Oily Rag Budget 2012
Last week was Budget week for the government.
This year our learned politicians in Wellington have recognised the electoral dangers of using the “austerity” word, so they are now preferring the much brighter connotations of “fiscal responsibility” - which really means living off the smell of an oily rag! Changing the language does not change the fact that for most, financial success comes at a price or an inconvenience, so we have come up with our own Oily Rag Budget.
Inconvenience is not something many wannabe families welcome so we imagine this Oily Rag Budget statement will not be greeted by foot-stomping applause by some, or many.
The principle theme behind the Oily Rag Budget 2012 is this simple reality: If you want to save more you have to either spend less or earn more.
Earning more means spending less time in front of the TV and more time on income earning activities - a second or third job for example, or turning that hobby into an income stream. Even an additional $100 a year can create a massive financial gain when that money is used to repay your mortgage. Yes, we appreciate spending more time working and less time on the couch may be inconvenient, but you have to learn to live with it or even better start enjoying work - if you want the benefits. In other words, get stuck in!
Spending less means not spending money you don’t have. The easiest budget is the cash in the bank budget. Whatever is in your bank is the maximum that you have available to spend. The “hitch” is that before your money ends up in the bank you need to take care of the basics: mortgage repayments or rent, and savings (like Kiwisaver but it could also be a bank savings account).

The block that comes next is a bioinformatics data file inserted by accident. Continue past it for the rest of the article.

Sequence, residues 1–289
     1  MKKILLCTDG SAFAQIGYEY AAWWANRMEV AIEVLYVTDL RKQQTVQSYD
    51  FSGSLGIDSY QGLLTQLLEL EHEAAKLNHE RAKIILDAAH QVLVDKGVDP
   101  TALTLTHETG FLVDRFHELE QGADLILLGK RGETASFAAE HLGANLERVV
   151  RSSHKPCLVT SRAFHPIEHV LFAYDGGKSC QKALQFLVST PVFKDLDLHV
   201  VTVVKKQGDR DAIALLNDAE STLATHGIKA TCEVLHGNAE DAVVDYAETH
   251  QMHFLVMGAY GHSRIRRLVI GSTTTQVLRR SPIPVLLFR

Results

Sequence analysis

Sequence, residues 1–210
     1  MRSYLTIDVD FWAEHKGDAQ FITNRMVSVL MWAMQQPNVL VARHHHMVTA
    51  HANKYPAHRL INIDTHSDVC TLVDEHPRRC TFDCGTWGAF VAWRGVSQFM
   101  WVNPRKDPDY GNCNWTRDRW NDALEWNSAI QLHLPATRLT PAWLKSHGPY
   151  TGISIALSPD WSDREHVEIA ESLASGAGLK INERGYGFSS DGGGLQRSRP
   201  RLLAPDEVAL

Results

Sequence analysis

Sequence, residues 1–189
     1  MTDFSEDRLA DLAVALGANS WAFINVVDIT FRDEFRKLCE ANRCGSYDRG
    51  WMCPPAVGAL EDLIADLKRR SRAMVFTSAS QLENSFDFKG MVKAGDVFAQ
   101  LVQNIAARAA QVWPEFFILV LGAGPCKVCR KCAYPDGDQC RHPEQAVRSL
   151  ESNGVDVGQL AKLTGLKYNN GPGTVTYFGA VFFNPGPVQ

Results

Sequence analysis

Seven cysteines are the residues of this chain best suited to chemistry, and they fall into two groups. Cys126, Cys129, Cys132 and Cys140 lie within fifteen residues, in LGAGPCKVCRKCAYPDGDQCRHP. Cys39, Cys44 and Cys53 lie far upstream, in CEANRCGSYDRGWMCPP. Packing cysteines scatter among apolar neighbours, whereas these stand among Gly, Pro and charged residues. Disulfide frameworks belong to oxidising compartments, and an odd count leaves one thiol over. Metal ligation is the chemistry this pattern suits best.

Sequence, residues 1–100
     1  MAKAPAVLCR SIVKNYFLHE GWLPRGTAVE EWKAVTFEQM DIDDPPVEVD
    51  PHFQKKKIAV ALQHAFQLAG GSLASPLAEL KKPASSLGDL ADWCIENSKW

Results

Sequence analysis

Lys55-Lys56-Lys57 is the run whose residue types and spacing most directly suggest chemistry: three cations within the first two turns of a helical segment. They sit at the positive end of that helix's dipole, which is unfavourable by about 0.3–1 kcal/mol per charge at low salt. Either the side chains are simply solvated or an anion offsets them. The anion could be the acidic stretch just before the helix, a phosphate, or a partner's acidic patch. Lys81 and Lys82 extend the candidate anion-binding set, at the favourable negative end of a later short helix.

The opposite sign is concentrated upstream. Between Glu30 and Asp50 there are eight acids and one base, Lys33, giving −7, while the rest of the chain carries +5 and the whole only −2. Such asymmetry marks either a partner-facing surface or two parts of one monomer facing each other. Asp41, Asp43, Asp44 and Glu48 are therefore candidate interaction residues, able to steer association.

Those who don’t save will always live on Struggle Street and will have to depend on others to survive. The alternative is to save and if that means living off the smell of an oily rag then that’s what it means.
This is where oilyrag.co.nz comes in. It has literally hundreds of ways for people to become “fiscally responsible” without compromising their lifestyle.
Here are some examples from the site:
• Ali from Nelson says, “Interest rates are the lowest they have been in decades. Use the money you are saving on interest to repay the debt principal. You do this by telling your bank to keep the repayments the same.
• Here’s a money laundering(!) tip from a motel owner in Whakatane. “Buy baking soda from Binn Inn and add it to your wash with laundry powder. You can also reduce the amount of laundry powder by about 1/5 as baking soda is also a cleaner. I use equal amount of baking soda and laundry powder.”
• Beat GST on vegetables by starting your own garden and have a constant supply of vegetables for free.
• Beat the tobacco tax! Stop smoking if you haven’t already.
• Buying unbranded products at your supermarket.
• Buying a second hand car instead of a new vehicle will save you thousands of dollars on depreciation alone.
• And from the Oily Rag International Desk LAJ from Sydney has this tip, “A few drops of tea tree oil in your wash will make it smell fresh and lovely and have the added benefit of being antibacterial.”
The final sentence from Oily Rag Budget 2012: “ask not what the government can do for you, ask what you can do for yourself” (to paraphrase a famous US president!).
Frank and Muriel Newman are the authors of Living off the Smell of an Oily Rag in NZ .If you have a favourite money saving or money-making tip, send it in to us so that we can share it with others. You can contact us via the oily rag website (www.oilyrag.co.nz) or write to Living off the Smell of an Oily Rag, PO Box 984, Whangarei